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The High Cost of Bad Investment Decisions

THE HIGH COST OF BAD BUY/SELL DECISIONS Ask 10 people what investing means, and chances are they'll all say "growing your money." Yet despite popular Hollywood portrayals of how investing works, research shows that most of us still try to time the market, typically resulting in buying high and selling low. Today, we examine why many of our buy/sell decisions are wrong, the damage it does to our portfolios, and a better way to invest for maximum returns over the long run. The Costs: How Poor Decisions Devastate Your Portfolio Investors are clearly harmed by their delusions of stock market expertise-but can we dollarize the exact financial impact? Return of Average Investor vs Retum of S&P 500 FIRST, SOME CONTEXT: 11.9% 8.4% By simply investing and keeping their money in the According to Dalbar, the average stock fund investor (due to poor buy and sell decisions) averaged just a 1.9% annual return over 20 years ending in 2008. S&P 500, investors could have earned 8.4% over the same period. (If they invested in diversified portfolios they would have done even better!) If we run these numbers over a simulated example, that means. SOMEONE WHO TRIED TO TIME THE MARKET: SOMEONE WHO INVESTED IN THE S&P 500 INDEX: INVESTMENT TIME FRAME: 20 YEARS INVESTMENT TIME FRAME: 20 YEARS RATE OF RETURN: ·1.9% RATE OF RETURN: 8.4% INITIAL INVESTMENT: $1,000 INITIAL INVESTMENT: $1,000 ANNUAL INVESTMENTS: $6,000 ($500/MO) ANNUAL INVESTMENTS: $6,000 ($500/MO) INFLATION: 3.1% INFLATION: 3.1% TAX RATE: 15% TAX RATE: 15% INVESTMENT RETURN: $22,968 INVESTMENT RETURN: $150,572 TOTAL INVESTED CAPITAL: $121,000 TOTAL INVESTED CAPITAL: $121,000 TOTAL VALUE AFTER 20 YEARS: $143,968 TOTAL VALUE AFTER 20 YEARS: $271,572 In this simulation, poor buy/sell decisions cost the market timing investor $127,604 in squandered returns, just in comparison to the S&P 500 Index! The Problem: The Overwhelming Majority of Buy/Sell Decisions Are Wrong You might think that you make smarter decisions than the masses, but research says you are wrong. Instead of staying the course, emotional biases drive investors to respond to the market's ups and downs in a way that harms their financial well-being. 85% Recently, Barrons revealed that 85% of all sell or exchange decislons are Incorrect. Emotional Biases That Lead to Poor Investing Decisions People typically sell stocks when they hit rock bottom, and put their money in conservative assets like bonds when they are at the top. The dot-com bust was a classic example. In 1999, when the dot-com bubble swelled, the NASDAQ was up over 85% for the year. 50% Did investors proceed with caution? No, they just kept on buying. Yet on the way down, with the S&P 500 down over 50% from its highs, investors couldn't sell fast enough. What kinds of biases explain such blatantly irrational behavior? In. LOSS AVERSION MENTAL ACCOUNTING OVERCONFIDENCE ANCHORING SUNK COST FALLACY Irrational preference Putting funglble assets Into arbitrary mental categories, such as "money I need" vs. Having higher confidence Heavilly emphasizing Allowing past expenditures for avolding a loss rather than see ing a galn. "I'd rather avoid a $5 fee than get a $5 discount." than you should, such as thinking you time the market correctly 90% of the one or two attributes to influence future decisions. while ignoring all others. "This company's P/E ratio is solid, and that's all that matters." "But I've poured so much money Into this stock, I can't dump It now!" "money I can afford to lose." time, when you are actually wrong 50% of the time. These biases lead us to make decisions (like buying high and selling low) that are clearly illogical, but feel right. The Solution: Stick to a Long-Term Investment Plan That Overcomes Your Emotional Biases With a long-term plan, you don't have to time the market or get caught up in short-term decisions: Achieve diversification across Establish a strategic asset allocation allgned with your long-term goals. Rebalance perlodically to ensure your asset allocation stays on track. several asset classes. Had you invested in a reasonably diversified porffolio (whether it was conservative, moderate, or aggressive) from 2000-2011, it would have dramatically outperformed the S&P 500: Benefits of a Diversified Portfolio (Portfolio Value) $200,000 S188 253 $186 264 $179,916 Š171,687 - CONSERVATIVE $186,803 $185.826 MODERATE AGGRESSIVE S&P 500 INDEX $150,000 S148,005 S132,523 S120,473 SI12.109 S113,175 S103,602 $100,000 ST1277 $62,287 $50,000 $0 1999 2000 2001 2002 2003 2004 2005 2006 2007 2008 2009 2010 (End of Year) www.JEMSTEP.COM By the end of 2010, $100,000 invested in any of the portfolios would have been valued at over $180,000 versus less than $104,000 for the S&P 500. That's outperformance of 80% with less risk! 90% Roughly 90% of your portfolio's volatility cormes from your asset allocation, not day-to-day micro decisions about when to buy or sell. By maintaining a balanced portfolio, you can actually outperform average investors and, for that matter, the S&P 500. Sources: •14 Years of Darts on Wall Street Lead Malkeil to Reassert jemstep Stock Theory by Daily Princetonian •Investment Returns Calculator by AARP •Www.DALBAR.COM •www.JEMSTEP.COM/BLOG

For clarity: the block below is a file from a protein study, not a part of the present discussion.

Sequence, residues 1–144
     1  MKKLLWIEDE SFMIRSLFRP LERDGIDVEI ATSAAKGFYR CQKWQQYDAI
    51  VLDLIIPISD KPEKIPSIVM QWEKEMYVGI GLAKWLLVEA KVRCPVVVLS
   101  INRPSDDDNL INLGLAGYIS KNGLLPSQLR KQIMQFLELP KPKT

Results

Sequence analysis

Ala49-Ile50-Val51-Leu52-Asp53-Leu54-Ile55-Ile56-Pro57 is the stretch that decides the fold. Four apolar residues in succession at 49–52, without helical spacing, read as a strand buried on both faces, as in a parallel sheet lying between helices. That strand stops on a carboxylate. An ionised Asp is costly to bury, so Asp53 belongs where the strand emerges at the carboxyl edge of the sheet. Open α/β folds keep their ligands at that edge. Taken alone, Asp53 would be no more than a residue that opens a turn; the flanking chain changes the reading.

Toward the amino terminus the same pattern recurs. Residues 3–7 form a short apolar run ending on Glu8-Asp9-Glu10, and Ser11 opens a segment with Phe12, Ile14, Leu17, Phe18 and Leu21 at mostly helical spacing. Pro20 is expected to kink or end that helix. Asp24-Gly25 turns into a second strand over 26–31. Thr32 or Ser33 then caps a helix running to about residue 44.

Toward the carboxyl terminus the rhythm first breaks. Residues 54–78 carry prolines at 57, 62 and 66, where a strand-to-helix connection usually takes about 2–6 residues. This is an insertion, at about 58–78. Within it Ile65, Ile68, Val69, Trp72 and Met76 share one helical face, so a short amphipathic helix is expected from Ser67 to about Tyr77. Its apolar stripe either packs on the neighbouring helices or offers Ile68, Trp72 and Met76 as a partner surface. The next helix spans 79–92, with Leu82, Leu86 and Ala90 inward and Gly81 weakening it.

The High Cost of Bad Investment Decisions

shared by TheBetterInvestor on Apr 18


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